Abstract

Oil-producing countries have benefited from rising oil prices in recent years. The increase in oil exports and oil revenues has had major implications for these countries. These developments have revealed how governments manage their fiscal policies in light of changing oil-market conditions and the role of special fiscal institutions (SFIs). In this Occasional Paper, IMF experts examine the fiscal response of oil-producing countries to the recent oil boom and the role of SFIs in fiscal management, they review the experiences of selected countries, and they draw general lessons. In doing so, they link findings on best practice in the design of SFIs with broader fiscal management advice.

Appendix I Expenditure Patterns in Oil-Producing Countries, 1999–2005

Table A1.1.

Government Expenditures in Selected Oil-Producing Countries

(As a share of non-oil GDP, unless otherwise noted)

article image
Sources: IMF staff reports and staff estimates.

Excluding two large outliers (Angola and Equatorial Guinea).

Lower-income countries are those defined by the World Bank as low-income or lower-middle-income countries. Higher-income countries are those defined by the World Bank as high-income or upper-middle-income countries (i.e., 2005 gross national income (GNI) per capita above $3,465).

Excludes Kazakhstan, Russia, and Timor-Leste, for which 1999 data are not available.

For Kazakhstan, Russia, and Timor-Leste, the base year is 2000.

Includes extrabudgetary funds when information is available.

Based on 12 countries with available data: Algeria, Azerbaijan, Cameroon, Chad, the Republic of Congo, Gabon, Indonesia, Nigeria, Saudi Arabia, Sudan, the United Arab Emirates, and the Republic of Yemen.

Appendix II Sustainable Fiscal Benchmarks—Key Assumptions and Further Considerations

Key Assumptions

The sustainable fiscal benchmark is based on a standard theoretical approach linked to the permanent income hypothesis (PIH) used to determine a sustainable fiscal policy for oil-producing countries. It is defined as the (permanent) annual non-oil primary deficit derived from government net wealth, which is the present value of projected future oil revenues plus the value of net government financial assets.1 IMF teams have increasingly applied similar analytical tools to oil-producing countries, with various intertemporal welfare criteria and country-specific assumptions. In this paper, a standardized and simple approach to estimate the sustainable benchmark has been applied to the whole sample to facilitate comparability.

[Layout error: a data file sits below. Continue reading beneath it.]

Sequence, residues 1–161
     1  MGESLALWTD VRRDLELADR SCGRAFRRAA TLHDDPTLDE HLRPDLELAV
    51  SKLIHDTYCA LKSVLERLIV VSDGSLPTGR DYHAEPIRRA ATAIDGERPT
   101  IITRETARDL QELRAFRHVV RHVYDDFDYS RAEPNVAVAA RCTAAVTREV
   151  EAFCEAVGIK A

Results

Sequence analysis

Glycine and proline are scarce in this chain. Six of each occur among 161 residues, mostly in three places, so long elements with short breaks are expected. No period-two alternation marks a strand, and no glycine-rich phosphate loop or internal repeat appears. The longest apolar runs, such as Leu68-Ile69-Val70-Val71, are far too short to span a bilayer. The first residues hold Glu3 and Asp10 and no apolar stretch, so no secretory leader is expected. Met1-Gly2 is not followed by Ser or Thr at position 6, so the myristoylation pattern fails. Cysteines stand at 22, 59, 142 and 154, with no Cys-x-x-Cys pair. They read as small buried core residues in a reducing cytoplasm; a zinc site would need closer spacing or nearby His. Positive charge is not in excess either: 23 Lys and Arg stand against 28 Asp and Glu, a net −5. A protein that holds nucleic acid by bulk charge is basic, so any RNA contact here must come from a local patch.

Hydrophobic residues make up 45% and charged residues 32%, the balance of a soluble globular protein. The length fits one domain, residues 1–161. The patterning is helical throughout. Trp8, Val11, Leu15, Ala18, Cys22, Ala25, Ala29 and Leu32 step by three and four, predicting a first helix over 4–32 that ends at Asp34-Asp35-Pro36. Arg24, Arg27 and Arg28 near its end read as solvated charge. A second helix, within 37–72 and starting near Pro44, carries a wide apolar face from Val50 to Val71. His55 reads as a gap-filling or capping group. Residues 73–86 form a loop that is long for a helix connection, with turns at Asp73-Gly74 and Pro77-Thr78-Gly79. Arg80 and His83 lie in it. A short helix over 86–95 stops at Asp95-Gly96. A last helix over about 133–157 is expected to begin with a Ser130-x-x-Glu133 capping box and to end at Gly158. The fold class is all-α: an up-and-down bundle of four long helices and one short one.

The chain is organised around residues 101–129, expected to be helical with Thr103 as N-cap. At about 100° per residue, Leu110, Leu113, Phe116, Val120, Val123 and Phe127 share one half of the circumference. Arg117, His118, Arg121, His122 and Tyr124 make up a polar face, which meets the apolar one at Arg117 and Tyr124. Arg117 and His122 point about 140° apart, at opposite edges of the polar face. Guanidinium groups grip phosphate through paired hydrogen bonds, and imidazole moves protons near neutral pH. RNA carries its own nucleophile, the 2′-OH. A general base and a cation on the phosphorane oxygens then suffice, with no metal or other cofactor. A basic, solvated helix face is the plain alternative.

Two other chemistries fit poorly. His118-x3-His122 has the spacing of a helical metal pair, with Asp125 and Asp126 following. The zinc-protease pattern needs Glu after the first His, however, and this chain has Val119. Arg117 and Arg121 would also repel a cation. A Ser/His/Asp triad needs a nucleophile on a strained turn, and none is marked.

Constructing a sustainability benchmark for oil-producing countries inclusive of estimated oil wealth depends on key assumptions in a similar way to the debt sustainability analysis (DSA) for other countries. In oil-producing countries, the analysis makes explicit a number of sensitive intertemporal welfare issues. Similar judgments about intertemporal welfare choices are made in the DSA for other countries, but are usually not made explicit. The following key assumptions were made:

  • Estimates of proven oil reserves were taken from British Petroleum (2005). This report includes annual series of estimated proven reserves dating back to at least 1980, which can be taken as “real-time” information available for each year. In addition to the discovery or incorporation of new oil reserves and their depletion, changes in reserves also reflect updated estimates.

  • Oil production during the projection period was assumed to remain constant at the level of the year for which the sustainability exercise was done (i.e., 2000 and 2005) until depletion.

  • Oil prices during the projection period were assumed to remain constant in real terms at the level observed in each particular year for which the analysis was carried out.

  • The government take from oil production used in the exercise was the average of the latest three to four years, to smooth out the effect of one-off oil revenue sources.

  • An interest rate of 3 percent in real terms (the historical average of long-dated U.S. treasury bonds) was used to discount future oil revenue flows.

  • A lower interest rate in real terms (2 percent) was applied to the estimated net government wealth in 2000 and 2005 to estimate a “sustainable” level of consumption for each of those years (“sustainable” non-oil primary deficits). The 2 percent rate was set as a “middle of the road” scenario between (1) a constant non-oil primary deficit in real terms but declining over time in terms of non-oil GDP (using a real interest rate of 3 percent, i.e., the return on financial risk-free assets) and (2) a constant non-oil primary deficit relative to non-oil GDP (using a real interest rate equivalent to 3 percent minus the longterm growth rate of the non-oil economy). The former approach would imply a more lax fiscal policy in the short run but a tighter one in the future, whereas the latter would require a tighter fiscal policy in the short run relative to option (1). Hence, using a 2 percent rate implies a more gradual adjustment of the non-oil primary deficit relative to non-oil GDP than in (1), but allows a higher deficit in the short run than in (2).2